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L.A.’s Justo Franco: Creating order amid chaos

(Photo by Mario Tama/Getty Images)
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By Pete Levine ·

Justo Franco had been hoping for a smooth day at work. As the main caregiver for his mother, who was battling cancer, it fell on the shoulders of the 40-year-old to not only drive her to and from her chemotherapy treatments, but to watch over her at the home they shared near Los Angeles’ Koreatown neighborhood.

“It doesn’t affect how I do my work,” says Franco, a transit operations supervisor for Los Angeles’ Bus Operations Control Center (BOC), “but it’s always on my mind.”

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Justo Franco, transit operations supervisor for Los Angeles’ Bus Operations Control Center. (Member-provided photo)

At the BOC near Union Station where Franco works, he and his team are responsible for “service mitigation”; ensuring that when something happens to one of L.A.’s 3,000 buses or its operators, whether it’s a breakdown, an illness or some other problem, help is dispatched immediately and the buses are able to keep to their schedules as closely as possible.

At the end of May, Franco’s mother’s health was weighing on him. A smooth day at work would have been a reprieve from his responsibilities at home.

But a calm day was the last thing in store for Franco.

Footage of the horrific death of George Floyd in Minneapolis led to protests across the nation. In Los Angeles, the protests coalesced in the downtown area, the main artery through which L.A.’s buses run.

Suddenly, Franco had to figure out how, in real time, to re-route dozens of buses, avoiding the shifting protests. He had to ensure not only that the 40 or more lines, which transported tens of thousands of riders kept running, but that both bus operators and riders remained safe.

It fell on Franco, a member of Local 3634 (Council 36) to not only orchestrate this complex ballet of buses, but to communicate with and assuage the city’s senior-most transit managers. Franco also had to communicate with police authorities, who were reporting crucial on-the-ground information about which areas were snarled with traffic and which had grown unsafe.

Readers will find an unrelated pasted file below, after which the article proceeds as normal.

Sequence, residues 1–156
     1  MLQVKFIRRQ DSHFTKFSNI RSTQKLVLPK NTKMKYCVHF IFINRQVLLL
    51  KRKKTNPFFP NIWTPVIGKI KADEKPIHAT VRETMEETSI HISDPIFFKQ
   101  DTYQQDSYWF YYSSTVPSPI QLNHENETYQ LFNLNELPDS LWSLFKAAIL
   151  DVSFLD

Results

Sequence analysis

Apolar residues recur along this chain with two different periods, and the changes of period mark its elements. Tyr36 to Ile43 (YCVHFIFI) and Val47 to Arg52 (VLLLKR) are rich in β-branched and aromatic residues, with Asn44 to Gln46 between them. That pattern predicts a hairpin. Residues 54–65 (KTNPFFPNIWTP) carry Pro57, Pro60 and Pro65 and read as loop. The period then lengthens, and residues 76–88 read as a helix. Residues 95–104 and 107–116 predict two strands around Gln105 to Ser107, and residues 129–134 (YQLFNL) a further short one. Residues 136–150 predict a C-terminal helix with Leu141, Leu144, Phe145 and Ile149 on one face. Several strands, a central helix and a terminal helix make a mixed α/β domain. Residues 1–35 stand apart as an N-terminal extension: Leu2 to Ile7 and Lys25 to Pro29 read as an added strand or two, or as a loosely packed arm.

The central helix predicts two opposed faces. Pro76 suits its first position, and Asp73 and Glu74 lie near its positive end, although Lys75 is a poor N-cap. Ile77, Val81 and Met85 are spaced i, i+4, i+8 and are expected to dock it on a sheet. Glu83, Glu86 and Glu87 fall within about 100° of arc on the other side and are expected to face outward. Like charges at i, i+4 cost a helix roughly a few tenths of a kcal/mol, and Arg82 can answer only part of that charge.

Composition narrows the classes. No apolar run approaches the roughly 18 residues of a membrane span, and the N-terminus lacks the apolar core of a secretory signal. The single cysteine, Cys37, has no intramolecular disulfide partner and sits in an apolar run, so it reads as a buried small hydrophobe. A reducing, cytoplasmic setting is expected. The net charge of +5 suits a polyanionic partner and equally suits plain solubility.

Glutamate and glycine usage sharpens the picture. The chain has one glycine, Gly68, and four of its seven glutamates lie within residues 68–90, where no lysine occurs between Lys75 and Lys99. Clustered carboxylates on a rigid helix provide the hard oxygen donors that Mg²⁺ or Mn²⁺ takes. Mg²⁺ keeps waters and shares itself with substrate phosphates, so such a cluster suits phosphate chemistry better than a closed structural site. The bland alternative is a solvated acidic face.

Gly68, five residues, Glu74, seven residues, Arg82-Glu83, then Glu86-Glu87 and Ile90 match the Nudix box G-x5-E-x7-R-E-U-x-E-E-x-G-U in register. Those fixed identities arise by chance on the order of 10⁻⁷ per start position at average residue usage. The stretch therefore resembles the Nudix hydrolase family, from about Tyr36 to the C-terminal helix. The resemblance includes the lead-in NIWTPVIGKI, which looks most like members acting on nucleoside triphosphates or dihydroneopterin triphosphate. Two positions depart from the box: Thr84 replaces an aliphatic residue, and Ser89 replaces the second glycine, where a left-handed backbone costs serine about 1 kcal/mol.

According to Franco’s co-worker, Peter Velasquez, rather than cave under the pressure, Franco managed to “create order from chaos. He took control and showed what it means to be a leader.”

Franco’s performance under pressure was the most recent example why Velasquez nominated Franco for AFSCME’s Never Quit Service Award.

“The way that he proceeds with the work is above and beyond what most people would do,” said Velasquez. “It’s always certain people like Justo who get tasked with things like this. Justo stays calm, steps up and takes care of things that need to get done. For me, knowing Justo has helped me become a better person. He taught me what it means to take on a role and step up when things need to get done.”

The challenge before Franco was keeping as many as 50 bus lines out of a large swath of downtown Los Angeles.

Franco credits his 11 years’ experience as a bus operator, and almost eight years as a transit supervisor, as part of the reason he was able to safely re-route the buses without incident.

“We had to reroute hundreds of buses through the downtown area. We had five square miles we had to avoid [in the] central business district,” recalls Franco. “It was for the operators’ and passengers’ safety. You have to keep them safe.”

Franco and his team were constantly looking at maps, choosing new routes to send their buses and, just as important, deciding whether those routes would accommodate buses of up to 60 feet in length.

Franco says his team was the reason he successful tackling the challenge.

“Yes, I was the point person, but without a good team, you can’t be successful,” he says.

Luckily, the past several months have been calmer at the operations center, says Franco. Though, he notes, the recent Los Angeles Lakers’ NBA championship provided a brief, if welcome, uptick.

Never Quit Service Awards

Know a co-worker who goes above and beyond the call of duty? Nominate them for AFSCME’s Never Quit Service Award.

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